If an area of Glasgow isn’t one of the best places on earth, does it really exist?

Last week Time Out magazine named Shawlands the eleventh coolest neighbourhood in the world, while Kelvinbridge was 38th in 2019 and Dennistoun number eight in 2020.

I know what you’re thinking – me too – but I don’t think these fannies have ever heard of Polmadie. There’s always next year, I suppose.

Dennistoun, Battlefield and Shawlands may look like Govanhill, with their rows of tenements, public park and public library, new-build social housing and hidden terraced homes.

Halal, kosher, fenians and billy boys, chop suey, peppermint chai.

Plus a few hip roasters with sustainable trousers who think they’re unique, a real one-off, but don’t understand that everything they say has been said before only better.

Aye, so, still no Govanhill but eh.

Dennistoun’s close to Paradise, of course, and when you live so close you hear the roar from the stands as the tricky wee winger turns his man inside out, the big centre half is winning every tackle, the new centre forward sticks the baw in the pokey.

The swell of noise, the rise and fall, chanting and singing, call and response, the ebb and the flow, tens of thousands of ooohing and aaahing.

Okay I’ll give you that, Haghill, Camlachie, Parkhead, Bellgrove.

Closer to Paradise, still no Govanhill but eh.

If an area of Glasgow doesn’t have its own blog, does it really exist?

Cheers Carntyne, Cheers Red Road, Cheers Maryhill and Whiteinch.

How can you be a real area if some wee nyaff – sorry, influential lifestyle and wellness blogger – isnae talking pish about you twice a week for well over a year, then about once a week and now maybe twice a month if you’re lucky?

So says the fictional narrator of a so-called blog about a made-up place.

My dream therapist said this blog was a role model for young people, but my social worker went off work with stress and my parole officer quit to go backpacking in Auchenshuggle.

Aye, so, still Govanhill but eh.

You are me and I am too and neither of us really exists.


Songs of Tongland

Four statues, maybe historical figures, men with beards and women with flowing hair

There’s only one Govanhill, two Govanhills, three Govanhills or more.

All in one place, one time and place, here on these streets in the south of the city.

This Govanhill pavement, flattened canvas coated by centuries of shoes. Scattered history across cracked stone, dead wheels and broken feet.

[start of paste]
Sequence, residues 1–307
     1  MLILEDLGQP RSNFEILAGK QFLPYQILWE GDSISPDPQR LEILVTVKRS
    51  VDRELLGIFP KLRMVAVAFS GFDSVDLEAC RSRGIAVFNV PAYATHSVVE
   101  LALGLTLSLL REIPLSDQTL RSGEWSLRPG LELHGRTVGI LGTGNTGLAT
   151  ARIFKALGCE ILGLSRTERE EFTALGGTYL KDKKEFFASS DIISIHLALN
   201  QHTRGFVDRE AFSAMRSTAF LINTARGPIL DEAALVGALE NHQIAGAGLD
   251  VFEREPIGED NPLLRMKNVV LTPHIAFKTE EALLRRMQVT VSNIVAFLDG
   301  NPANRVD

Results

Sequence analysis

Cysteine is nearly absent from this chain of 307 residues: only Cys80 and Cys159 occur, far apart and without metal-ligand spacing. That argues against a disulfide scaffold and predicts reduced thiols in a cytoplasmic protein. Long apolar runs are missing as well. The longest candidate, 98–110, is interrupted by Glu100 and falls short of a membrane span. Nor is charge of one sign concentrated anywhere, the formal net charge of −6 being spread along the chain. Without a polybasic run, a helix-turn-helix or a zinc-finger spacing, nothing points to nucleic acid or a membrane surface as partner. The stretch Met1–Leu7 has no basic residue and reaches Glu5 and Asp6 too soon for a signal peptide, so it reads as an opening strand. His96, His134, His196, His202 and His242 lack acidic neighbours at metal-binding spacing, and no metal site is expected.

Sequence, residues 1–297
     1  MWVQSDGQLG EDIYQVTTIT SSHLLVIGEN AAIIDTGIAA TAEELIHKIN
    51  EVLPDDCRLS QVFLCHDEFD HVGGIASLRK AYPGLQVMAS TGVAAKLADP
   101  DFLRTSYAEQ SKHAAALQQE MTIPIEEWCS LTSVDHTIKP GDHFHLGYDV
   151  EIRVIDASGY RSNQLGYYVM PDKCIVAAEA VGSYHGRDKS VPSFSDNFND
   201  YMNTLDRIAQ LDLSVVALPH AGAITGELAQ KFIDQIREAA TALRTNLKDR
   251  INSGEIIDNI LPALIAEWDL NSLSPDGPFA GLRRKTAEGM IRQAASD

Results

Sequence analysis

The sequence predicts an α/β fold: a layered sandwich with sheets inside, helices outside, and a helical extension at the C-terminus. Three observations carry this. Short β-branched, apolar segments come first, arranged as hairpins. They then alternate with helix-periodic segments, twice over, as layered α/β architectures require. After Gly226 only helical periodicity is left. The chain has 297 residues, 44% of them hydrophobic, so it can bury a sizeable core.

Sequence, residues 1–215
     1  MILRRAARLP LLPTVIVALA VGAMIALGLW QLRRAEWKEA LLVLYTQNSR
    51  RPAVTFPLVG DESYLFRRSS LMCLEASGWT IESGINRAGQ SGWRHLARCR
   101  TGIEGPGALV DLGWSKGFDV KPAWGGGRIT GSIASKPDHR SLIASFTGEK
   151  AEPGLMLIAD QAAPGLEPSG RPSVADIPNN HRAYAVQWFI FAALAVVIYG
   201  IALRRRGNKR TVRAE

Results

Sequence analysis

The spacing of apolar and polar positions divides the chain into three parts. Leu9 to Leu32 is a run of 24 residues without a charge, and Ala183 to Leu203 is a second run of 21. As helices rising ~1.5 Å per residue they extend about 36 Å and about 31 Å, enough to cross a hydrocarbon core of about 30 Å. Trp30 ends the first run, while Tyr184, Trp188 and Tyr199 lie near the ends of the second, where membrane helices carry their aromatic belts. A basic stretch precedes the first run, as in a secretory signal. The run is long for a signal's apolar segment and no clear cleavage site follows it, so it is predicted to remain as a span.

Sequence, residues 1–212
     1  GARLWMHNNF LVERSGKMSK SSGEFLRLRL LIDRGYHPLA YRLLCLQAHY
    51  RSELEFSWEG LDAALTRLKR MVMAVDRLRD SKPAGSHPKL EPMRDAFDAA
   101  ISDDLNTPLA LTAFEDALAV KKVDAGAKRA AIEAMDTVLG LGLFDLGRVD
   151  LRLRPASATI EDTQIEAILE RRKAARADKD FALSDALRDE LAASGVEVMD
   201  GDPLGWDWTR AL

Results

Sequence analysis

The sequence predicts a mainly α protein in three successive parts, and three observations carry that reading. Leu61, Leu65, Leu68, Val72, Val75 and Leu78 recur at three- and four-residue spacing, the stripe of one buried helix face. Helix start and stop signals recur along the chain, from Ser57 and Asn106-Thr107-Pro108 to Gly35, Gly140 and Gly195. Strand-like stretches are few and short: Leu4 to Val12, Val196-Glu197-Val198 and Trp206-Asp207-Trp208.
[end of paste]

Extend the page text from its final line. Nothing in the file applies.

Listen to that pavement, song of the banging close door, sirens in the night, quiet weeping from a darkened room, a black dog barking.

A toot from the railway line sounds like midnight fog horns from the old river on New Year’s Eve, the ringing of church bells.

Call and response, lonely harmony of distant sounds.

The people on that pavement, you and me, them and us. A painted anarchist in a dress, inverted full-backs, caffeine turn-ups and varnished nails. Doers and makers and tossers and dossers. 

Agile dredgers, community-based mentalists, nimble home-based flip flops.

Or a young teen with blood down his face from a cut on the head, a bottle smashed, glass war.

Valium encounters, chib mark minimalism, nuisance behaviour, stealing your bike.

And on that pavement might be Irish bar, local boozer, big guy with a baldy napper and bad skin who’s drunk but friendly, fat and polite.

Or a problem drug user punting shoplifted perfume, splintered jewellery and bottles of strong drink.

Even a hip joint with craft beer and t-shirt slogans but no one standing at the bar and bored dogs ignored on the floor.

Sometimes that pavement goes backwards not forwards, backwards in time, because history had dreams when it was young too although things never turn out quite the way you’d hoped and now there’s less to look forward to than ever before.

Dead giants roam our streets, heavy ghosts of industry, of furnace and shop floor, of heat and smoke and noise.

Dusty roads and corners of grass where kids kick a ball at dykes in the backcourt or rats in the bin shed.

Sprayed slogans on the decaying bricks of an old city.

Shamrock, Gaucho, Fleeto, Tongland.

Blackhill, Haghill, Lambhill.

And two Govanhills, non-binary, very binary.

We have, you don’t.

We exist, you won’t.

We are, who are you?

Not yet, Govanhill. Not yet.

The hungriest ghost in Govanhill

windows on the outside of a tenement block

Motorway signals Glasgow approaching and it lifts your heart, it always does.

Back to the city. No more beach or hillside or holiday home, no tourists with backpacks and bumbags, nor fish and chips that Tripadvisor says are the best in the region.

No more timetables or roadworks or departure queues, just yer ain bed and yer ain shower and clean clothes to wear again.

Thank God for the city, the imaginary city, with chimney pots and parked cars and apartment buildings that aren’t being shelled at least.

It’s the city not the suburbs so it’s walking not driving, public not private, shared space not fenced off.

I know what it’s like in suburbia. I’ve been there, man. Seen it with my own eyes. No municipal parks or skating rinks or swimming pools or department stores or football pitches with red or black ash, nothing.

Here it’s tenement blocks and busy pubs and crowded streets that look global but act local.

Hindustan Times, Donegal News, Evening Citizen Saturday pink edition.

The beat of our shoes on the pavement, scruff shoes, Charlie Chaplin shoes, mostly.

The four guys at the corner look like they’re staring you down but they move out the way as soon as you approach.

People with nae teeth, skinny legs and brass necks who smoke too much but whose warmth keeps you dry during the rainy season, where a total stranger gives you a straight answer and if you don’t take yourself too seriously, you’ll be just fine.